An Open Label, Phase 2 Study of MABp1 Monotherapy for the Treatment of Acne Vulgaris and Psychiatric Comorbidity
June 2015 | Volume 14 | Issue 6 | Original Article | 560 | Copyright © 2015
Daniel Carrasco MD,a Michael Stecher MD,b Gigi Claire Lefebvre MD,c Alan C. Logan ND,d Ronald Moy MDe
aAustin Dermatology Associates, Austin, TX
bXBiotech USA, Austin TX
cMeridien Research, St. Petersburg, FL
dCAMN Research Consulting, Calabasas, CA
eMoy Cosmetic Surgery, Beverly Hills, CA
BACKGROUND: Acne vulgaris is a common inflammatory skin disorder. There remain few rapid, safe, and effective therapy options for patients with moderate to severe acne vulgaris that also address psychological comorbidities such as anxiety.
OBJECTIVE: To assess the efficacy of interleukin 1 alpha blockade in patients with moderate to severe acne vulgaris using the true human monoclonal antibody MABp1.
METHODS: Eleven patients were administered open-label, subcutaneous injections of MABp1 over a six-week period. Objectives were assessment of safety, change in inflammatory lesion count and change in psychosocial functioning using two validated questionnaires.
RESULTS: There were no serious adverse events, or adverse events greater than grade I. Median inflammatory lesion counts decreased 36% (IQR -44% to 1%). Anxiety scores improved (from median 6 to 1) as well as self-image assessment (2.3±0.9 to 2.1±0.1) as measured by the Hospital Anxiety and Depression Scale and the modified Body Image Disturbance Questionnaire.
CONCLUSION: Patients had rapid improvement of skin lesions, as well as psychosocial functioning and anxiety. MABp1 may provide a safe and effective means for treating inflammatory acne lesions and. Further studies using this antibody are warranted in this patient population.
J Drugs Dermatol. 2015;14(6):560-564.
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Acne vulgaris, a common skin disorder affecting more than 40 million persons in the US, with as many as 90% of adolescents suffering from some degree of acne,1 and surveys of adults, place the incidence as high as 26-51% well into the fourth decade.2 Although the precise pathophysiological mechanisms remain obscure, acne is characterized by inflammation of pilosebaceous follicles, which in its most severe form results in cyst and nodule formation leading to permanent scarring.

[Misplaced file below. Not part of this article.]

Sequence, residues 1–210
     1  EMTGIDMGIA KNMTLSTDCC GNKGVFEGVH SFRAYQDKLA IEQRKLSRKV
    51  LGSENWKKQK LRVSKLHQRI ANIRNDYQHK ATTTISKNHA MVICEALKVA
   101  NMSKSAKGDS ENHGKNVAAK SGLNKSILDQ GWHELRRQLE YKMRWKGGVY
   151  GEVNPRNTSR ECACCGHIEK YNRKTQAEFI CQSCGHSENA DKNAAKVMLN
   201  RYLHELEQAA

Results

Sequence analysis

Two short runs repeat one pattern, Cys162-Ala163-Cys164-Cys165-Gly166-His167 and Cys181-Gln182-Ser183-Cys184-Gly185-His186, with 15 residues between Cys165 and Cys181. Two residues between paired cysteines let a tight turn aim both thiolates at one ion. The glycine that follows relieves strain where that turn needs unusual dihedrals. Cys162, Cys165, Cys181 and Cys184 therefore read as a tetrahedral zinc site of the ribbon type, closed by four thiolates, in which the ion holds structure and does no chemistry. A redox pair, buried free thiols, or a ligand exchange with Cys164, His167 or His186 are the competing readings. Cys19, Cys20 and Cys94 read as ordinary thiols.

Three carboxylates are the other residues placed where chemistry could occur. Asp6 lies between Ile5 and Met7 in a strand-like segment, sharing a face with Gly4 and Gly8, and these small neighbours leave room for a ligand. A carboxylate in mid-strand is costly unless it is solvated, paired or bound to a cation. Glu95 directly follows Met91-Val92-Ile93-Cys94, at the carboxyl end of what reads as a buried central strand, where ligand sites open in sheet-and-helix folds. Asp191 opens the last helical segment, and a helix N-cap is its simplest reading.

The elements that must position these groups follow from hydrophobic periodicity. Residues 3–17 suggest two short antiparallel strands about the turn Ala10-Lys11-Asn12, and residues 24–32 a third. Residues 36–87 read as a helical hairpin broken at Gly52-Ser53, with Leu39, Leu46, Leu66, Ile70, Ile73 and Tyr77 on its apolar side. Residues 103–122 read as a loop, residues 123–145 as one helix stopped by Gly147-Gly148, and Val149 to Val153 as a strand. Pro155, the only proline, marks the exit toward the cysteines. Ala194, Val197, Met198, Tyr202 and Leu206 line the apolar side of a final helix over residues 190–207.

Aside from the physical features of the disease, acne vulgaris is often associated with significant psychological morbidity3 and in some cases even mortality due to suicide.4 The association of acne and psychological disorders, particularly depression and anxiety, are reportedly more severe in acne patients than in many other serious chronic, nonpsychiatric medical conditions.5
A causal association between acne and psychosocial comorbidities has been suggested in the past. Indeed, almost a century ago it was postulated that a systemic inflammatory response may link acne to other co-occurring disease processes, including emotional disorders.6 However, a compelling mechanistic link between the seemingly distinct physiological processes has yet to be confirmed by experimental or clinical research.
Previous studies have certainly shed light on the role of inflammation in the acne process. The earliest detectable lesion in the pathogenesis of acne vulgaris is the microcomedone, which is characterized by hypercornification and hyperkeratinization within the pilosebaceous infundibulum and in turn plug formation within the follicle. While the inciting event behind this change in infundibular architecture remains unknown, in vitro experiments have suggested that the inflammatory cytokine IL-1α may play a significant role. Follicles stimulated with IL-1α in vitro have been observed to undergo histologic changes (hypercornification) consistent with those seen in comedone formation, and this effect has been attenuated experimentally via blockade of the IL-1 receptors.7,8
Propionibacterium acnes, a species of bacteria that is commonly associated with the development of acne, has also been shown to stimulate IL-1α production from keratinocytes in vitro,